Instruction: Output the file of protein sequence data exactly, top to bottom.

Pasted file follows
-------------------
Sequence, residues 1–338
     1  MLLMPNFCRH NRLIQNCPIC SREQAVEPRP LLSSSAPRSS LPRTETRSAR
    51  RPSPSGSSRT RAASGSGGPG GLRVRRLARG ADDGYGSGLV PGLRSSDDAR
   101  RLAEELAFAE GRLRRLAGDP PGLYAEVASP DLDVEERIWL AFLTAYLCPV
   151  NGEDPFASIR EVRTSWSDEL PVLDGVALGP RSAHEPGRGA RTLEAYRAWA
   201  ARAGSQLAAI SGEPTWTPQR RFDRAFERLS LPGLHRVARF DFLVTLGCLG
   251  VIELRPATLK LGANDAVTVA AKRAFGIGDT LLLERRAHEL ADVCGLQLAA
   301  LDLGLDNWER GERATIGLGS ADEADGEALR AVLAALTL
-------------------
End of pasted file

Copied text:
Sequence, residues 1–338
     1  MLLMPNFCRH NRLIQNCPIC SREQAVEPRP LLSSSAPRSS LPRTETRSAR
    51  RPSPSGSSRT RAASGSGGPG GLRVRRLARG ADDGYGSGLV PGLRSSDDAR
   101  RLAEELAFAE GRLRRLAGDP PGLYAEVASP DLDVEERIWL AFLTAYLCPV
   151  NGEDPFASIR EVRTSWSDEL PVLDGVALGP RSAHEPGRGA RTLEAYRAWA
   201  ARAGSQLAAI SGEPTWTPQR RFDRAFERLS LPGLHRVARF DFLVTLGCLG
   251  VIELRPATLK LGANDAVTVA AKRAFGIGDT LLLERRAHEL ADVCGLQLAA
   301  LDLGLDNWER GERATIGLGS ADEADGEALR AVLAALTL